NAIDOC Week & Alkira Compass - We all Stand on Sacred Ground: Learn Respect and Celebrate
As part of the NAIDOC week celebrations WorkPac is proud to announce our new business Alkira Compass. This business is a partnership with Albert Bowie (featured above) and his family, created to partner with organisations and communities to facilitate Indigenous employment outcomes.
Image: Albert Bowie with local elder Uncle Des Sandy at Musgrave Park Family Fun Day 2014
What is NAIDOC Week?
NAIDOC stands for National Aborigines and Islanders Day Observance Committee. Its origins can be traced to the emergence of Aboriginal groups in the 1920′s which sought to increase awareness in the wider community of the status and treatment of Indigenous Australians. Originally it was the acronym for National Aborigines Day Observance Committee to commemorate the Day of Mourning established in 1938 with a protest march held on 26th January of that year.
Over the decades with legal and political progression, including the outcomes of the 1967 Referendum, NAIDOC grew to include the Torres Strait Islander people (as Australia's other first-nation peoples group), eventually becoming a celebratory event held over an entire week.
NAIDOC Week celebrations are held across Australia each July to celebrate the history, culture and achievements of Aboriginal and Torres Strait Islander peoples. NAIDOC is celebrated not only in Indigenous communities, but by Australians from all walks of life. The week is a great opportunity to participate in a range of activities and to support your local Aboriginal and Torres Strait Islander community.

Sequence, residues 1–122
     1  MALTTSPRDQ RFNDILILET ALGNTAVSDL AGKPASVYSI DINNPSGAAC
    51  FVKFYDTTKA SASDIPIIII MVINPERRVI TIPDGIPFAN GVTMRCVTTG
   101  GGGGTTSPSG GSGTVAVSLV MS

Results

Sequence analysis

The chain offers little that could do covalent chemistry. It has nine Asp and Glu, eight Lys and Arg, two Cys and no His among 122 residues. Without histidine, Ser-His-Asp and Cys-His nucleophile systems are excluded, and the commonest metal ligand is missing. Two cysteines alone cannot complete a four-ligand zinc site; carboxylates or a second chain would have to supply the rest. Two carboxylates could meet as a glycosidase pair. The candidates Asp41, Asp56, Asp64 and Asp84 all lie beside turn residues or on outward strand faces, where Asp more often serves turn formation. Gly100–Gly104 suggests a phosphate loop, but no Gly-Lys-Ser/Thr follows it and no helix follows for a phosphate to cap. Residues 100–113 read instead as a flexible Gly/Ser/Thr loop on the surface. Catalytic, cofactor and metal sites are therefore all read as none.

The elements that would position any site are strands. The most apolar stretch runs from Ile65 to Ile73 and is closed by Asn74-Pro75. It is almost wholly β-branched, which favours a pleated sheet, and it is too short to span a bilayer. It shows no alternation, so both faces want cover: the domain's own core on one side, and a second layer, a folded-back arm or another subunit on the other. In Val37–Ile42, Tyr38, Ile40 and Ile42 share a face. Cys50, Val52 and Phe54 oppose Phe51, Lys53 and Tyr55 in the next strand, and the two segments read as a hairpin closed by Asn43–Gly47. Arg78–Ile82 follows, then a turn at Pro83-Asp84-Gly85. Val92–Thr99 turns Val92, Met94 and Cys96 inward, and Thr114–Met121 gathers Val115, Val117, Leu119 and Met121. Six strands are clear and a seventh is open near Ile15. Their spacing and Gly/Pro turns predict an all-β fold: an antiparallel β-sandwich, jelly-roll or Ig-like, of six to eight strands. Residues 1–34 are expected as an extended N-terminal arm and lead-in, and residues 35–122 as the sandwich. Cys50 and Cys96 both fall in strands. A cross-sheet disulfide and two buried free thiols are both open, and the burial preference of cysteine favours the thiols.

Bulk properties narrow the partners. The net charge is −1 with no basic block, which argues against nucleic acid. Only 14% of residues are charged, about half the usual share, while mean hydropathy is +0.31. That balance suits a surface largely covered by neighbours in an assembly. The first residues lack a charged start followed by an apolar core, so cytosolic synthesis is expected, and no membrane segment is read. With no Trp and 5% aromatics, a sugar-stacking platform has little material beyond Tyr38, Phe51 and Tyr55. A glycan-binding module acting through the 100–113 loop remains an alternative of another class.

Every year cities, towns and communities across Australia hold annual events to celebrate Aboriginal and Torres Strait Islander people, history and culture.
We all Stand on Sacred Ground : Learn, Respect and Celebrate
This year’s theme highlights Aboriginal and Torres Strait Islander peoples’ strong spiritual and cultural connection to the land and sea. The theme is an opportunity to pay respects to country, honour those who work tirelessly on preserving land sea and culture and to share the stories of many sites of significance or sacred places with the nation.
As the oldest continuing culture on the planet, the living culture of Aboriginal and Torres Strait Islander people is intrinsically linked with these sacred places. Sacred places can be a geographic feature like a river or lake, a beach, bays, inlets, hills or a mountain ranges or ceremonial grounds, galleries of rock art or engravings or places used for gathering for cultural practices.
This year’s theme was also chosen specifically to highlight and celebrate the anniversary of the “Handback” of Uluru to its traditional owners 30 years ago.
The National NADIOC committee encourages all Australian, young and old, to embrace this year’s national NAIDOC theme.
Who is Alkira Compass
Alkira Compass is a unique partnership between an Aboriginal & Torres Strait Islander family – the Bowie Family, and the WorkPac Group, one of Australia’s largest privately owned recruitment companies.
Alkira Compass is the result of a friendship and a shared vision –
to develop Indigenous Landowners to become responsible, reliable, and adept at transitioning between social realities in contemporary Australia.
By combining their strengths and establishing Alkira Compass, the partnership empowers individuals to maintain commitment to employment endeavours, whilst developing pride and understanding of their heritage and identity as Landowners.
The pastoral care method utilised by Alkira Compass encourages active participation in community events from all levels of the community, government or private sectors. Acknowledging commemorative events fosters awareness and gives Aboriginal and Torres Strait Islander communities an opportunity to strengthen identity aspects of Aboriginal and Torres Strait Islander culture on a public platform.